A: That‘s correct.

Q: I’ll put it in these terms – and no other field of specialisation other than general practice.

A: No.

Q: As I read the material that you’ve provided for us you don’t have any experience in undertaking formal scientific research.

A: That’s correct.

Q: And it would follow that you don’t have any experience in undertaking formal medical research.

A: That’s correct.

Despite knowing that she doesn’t have any experience or qualifications to undertake medical research, Laurie is doing exactly that.  The subject didn’t arise in her testimony, but she has also acknowledged separately that she is currently not registered to practice medicine for personal reasons. If she were registered to practice medicine, she would likely be subject to penalties for performing poor research without qualifications or ethical oversight.

Quotes 6-11: Laurie states multiple times she is not qualified to judge wind farm health impacts

  • “I also didn’t feel it was realistic to put myself forward as an expert witness.”
  • “I am not an endocrinologist.”
  • Q. “In the next paragraph Professor Wittert says he‘s been engaged as an independent medical expert on the basis of his broad understanding of human health and understanding of ecological methods.’ Do you claim expertise in those areas.”“No, I don’t…”
  • “I am not an academic. I don’t do it [review research papers and results] for a living.when I looked at this data I didn‘t do the sophisticated analysis, I don’t have access to that sort of programing that Professor Wittert says…”
  • “I’m not an acoustician….”

While Laurie was not asked this, she is also not an expert in psychology, the psychology of health or other areas that overlap with the nocebo effect and its impacts.

It is worthwhile to quote the conclusions of the ERD court on Laurie’s testimony and submissions from the verdict rendered July 17, 2011.

Quote 12:  The submissions by Laurie were without merit or weight

“Although we determined to receive these articles and papers, we are unable to place any meaningful weight on them.

“We were given little information about the expertise or standing of the authors of these ‘publications’. Most of this work, as far as we can discern, has not been the subject of any peer review and none of the witnesses were called to give evidence.”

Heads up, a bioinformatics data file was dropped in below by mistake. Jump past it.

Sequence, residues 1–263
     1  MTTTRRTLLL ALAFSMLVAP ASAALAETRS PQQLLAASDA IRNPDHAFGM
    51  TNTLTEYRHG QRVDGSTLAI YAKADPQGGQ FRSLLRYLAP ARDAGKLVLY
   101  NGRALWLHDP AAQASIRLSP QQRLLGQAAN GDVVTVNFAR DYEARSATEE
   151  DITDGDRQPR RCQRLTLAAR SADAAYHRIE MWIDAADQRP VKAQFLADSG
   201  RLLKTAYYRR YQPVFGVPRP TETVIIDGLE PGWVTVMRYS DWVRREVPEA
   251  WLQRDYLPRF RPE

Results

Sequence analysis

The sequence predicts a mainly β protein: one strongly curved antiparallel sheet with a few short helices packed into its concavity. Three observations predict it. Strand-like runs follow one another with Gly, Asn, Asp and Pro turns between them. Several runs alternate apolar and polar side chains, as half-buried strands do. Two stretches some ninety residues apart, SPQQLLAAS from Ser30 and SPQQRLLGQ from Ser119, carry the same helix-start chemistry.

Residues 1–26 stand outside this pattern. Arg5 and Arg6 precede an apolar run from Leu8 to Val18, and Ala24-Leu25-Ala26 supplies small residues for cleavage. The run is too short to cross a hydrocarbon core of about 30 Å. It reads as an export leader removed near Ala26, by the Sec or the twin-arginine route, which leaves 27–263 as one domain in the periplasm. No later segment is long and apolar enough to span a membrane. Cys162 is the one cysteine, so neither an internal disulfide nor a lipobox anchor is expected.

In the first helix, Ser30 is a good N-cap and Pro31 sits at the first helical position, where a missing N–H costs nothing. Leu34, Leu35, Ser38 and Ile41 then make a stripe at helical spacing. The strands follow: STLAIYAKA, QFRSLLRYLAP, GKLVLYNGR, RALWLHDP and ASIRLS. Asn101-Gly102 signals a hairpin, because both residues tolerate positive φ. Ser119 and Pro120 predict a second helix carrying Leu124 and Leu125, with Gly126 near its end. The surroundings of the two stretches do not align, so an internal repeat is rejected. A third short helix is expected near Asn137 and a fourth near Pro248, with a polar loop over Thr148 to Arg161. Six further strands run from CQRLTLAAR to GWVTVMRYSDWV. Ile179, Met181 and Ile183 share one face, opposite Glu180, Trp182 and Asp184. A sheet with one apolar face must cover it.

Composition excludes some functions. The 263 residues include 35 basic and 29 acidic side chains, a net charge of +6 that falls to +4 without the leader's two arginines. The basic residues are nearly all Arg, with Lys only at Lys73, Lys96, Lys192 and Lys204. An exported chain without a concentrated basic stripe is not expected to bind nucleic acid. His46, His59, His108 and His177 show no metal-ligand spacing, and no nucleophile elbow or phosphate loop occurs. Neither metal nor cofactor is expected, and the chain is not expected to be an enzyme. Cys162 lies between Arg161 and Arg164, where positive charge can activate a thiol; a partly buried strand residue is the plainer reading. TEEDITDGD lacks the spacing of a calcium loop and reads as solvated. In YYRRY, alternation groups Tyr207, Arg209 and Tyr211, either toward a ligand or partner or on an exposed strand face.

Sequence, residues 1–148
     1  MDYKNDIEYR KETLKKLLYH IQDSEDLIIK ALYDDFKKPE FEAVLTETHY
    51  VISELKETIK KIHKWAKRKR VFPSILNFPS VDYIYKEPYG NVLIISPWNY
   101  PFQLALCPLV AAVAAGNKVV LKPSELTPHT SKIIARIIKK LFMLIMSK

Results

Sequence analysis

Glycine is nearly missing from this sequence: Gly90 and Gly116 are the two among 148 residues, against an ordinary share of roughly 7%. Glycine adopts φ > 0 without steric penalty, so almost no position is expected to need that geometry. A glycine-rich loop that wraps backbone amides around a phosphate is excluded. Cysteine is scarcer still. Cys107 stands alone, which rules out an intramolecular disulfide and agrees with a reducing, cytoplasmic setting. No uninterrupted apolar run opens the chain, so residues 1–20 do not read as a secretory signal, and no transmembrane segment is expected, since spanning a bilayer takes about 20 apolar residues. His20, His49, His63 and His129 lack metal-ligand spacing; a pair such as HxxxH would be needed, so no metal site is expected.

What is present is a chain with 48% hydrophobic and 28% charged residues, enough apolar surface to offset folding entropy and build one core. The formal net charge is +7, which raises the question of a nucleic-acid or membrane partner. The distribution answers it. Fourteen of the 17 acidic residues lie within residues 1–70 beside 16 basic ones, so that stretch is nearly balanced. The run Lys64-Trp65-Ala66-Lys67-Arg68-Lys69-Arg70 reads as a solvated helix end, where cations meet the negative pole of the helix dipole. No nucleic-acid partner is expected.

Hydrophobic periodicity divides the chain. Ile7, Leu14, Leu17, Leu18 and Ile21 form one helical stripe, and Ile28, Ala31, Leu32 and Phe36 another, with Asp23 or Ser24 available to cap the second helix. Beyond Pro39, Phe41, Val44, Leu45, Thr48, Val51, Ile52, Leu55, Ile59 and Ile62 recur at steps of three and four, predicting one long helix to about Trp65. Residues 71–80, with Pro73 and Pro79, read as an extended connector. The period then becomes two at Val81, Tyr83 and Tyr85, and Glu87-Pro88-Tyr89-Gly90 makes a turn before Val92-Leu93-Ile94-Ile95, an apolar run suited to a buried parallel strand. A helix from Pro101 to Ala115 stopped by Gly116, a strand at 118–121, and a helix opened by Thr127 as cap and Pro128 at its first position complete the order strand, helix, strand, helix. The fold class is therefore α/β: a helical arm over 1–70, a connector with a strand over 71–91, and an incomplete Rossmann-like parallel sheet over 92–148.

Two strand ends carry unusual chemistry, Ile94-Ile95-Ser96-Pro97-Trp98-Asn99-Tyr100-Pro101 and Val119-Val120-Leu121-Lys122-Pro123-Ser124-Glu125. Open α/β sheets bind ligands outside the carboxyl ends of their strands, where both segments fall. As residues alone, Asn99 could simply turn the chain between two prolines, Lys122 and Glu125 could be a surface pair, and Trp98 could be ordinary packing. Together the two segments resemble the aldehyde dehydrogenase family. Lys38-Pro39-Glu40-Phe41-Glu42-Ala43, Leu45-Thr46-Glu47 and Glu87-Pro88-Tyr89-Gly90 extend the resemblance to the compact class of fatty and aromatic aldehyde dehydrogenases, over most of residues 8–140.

The evidence Laurie puts forward, in other words, is junk.

Quote 13:  The court agreed that there is no evidence that wind farms harm health

In response to thc evidence of Laurie, Acciona called Professor Wittert, Professor of Medicine at the University of Adelaide. Professor Wittert has particular experience with and interest in population health, in particular, looking at the causes, methods of prevention and systems for treatment of chronic disease.

After reviewing the evidence of Ms. Laurie, Professor Wittert concluded that:

“There is no credible evidence of a causal link, between the physical outputs of a turbine (or sets of turbines), at the levels that are described in the statement of Mr C Turnbull, and adverse effects on health”.


Laurie was given every courtesy by the Judge and the examining lawyers, despite that fact that her testimony shows she is not qualified to testify about medical impacts of wind farms, and that her positions should be highly suspect due to the windfarm near her home and her complete lack of skepticism regarding anecdotal health impacts ascribed to wind farms.

For further analysis of the findings and testimony of these proceedings, read this analysis and supporting references which show that the data Laurie depends upon actually show that people appear to be healthier when wind farms are operating, rather than less healthy as she claims.

For further insights into wind energy and health, please read this material, which draws together most of the relevant literature with citations:

* Sarah Laurie used to refer to herself as Dr. Laurie, however she is no longer allowed to do so. She has been unregistered and non-practicing for longer than she was practicing medicine. As part of her anti-wind campaigning activities, she has continued to diagnose people and perform medical research without license or oversight. This was the subject of a medical ethics complaint in 2013, and led to an agreement with the Australian Health Practitioner Regulatory Agency that she would stop performing diagnoses, stop performing medical research and stop referring to herself as a doctor.

This article was originally published in RenewEconomy at

One comment

  1. […] up is a perennial favourite subject of this blog, Sarah Laurie (ethics charges, bad days in court, seven things you must know, denials of being anti wind, media whoppers, open […]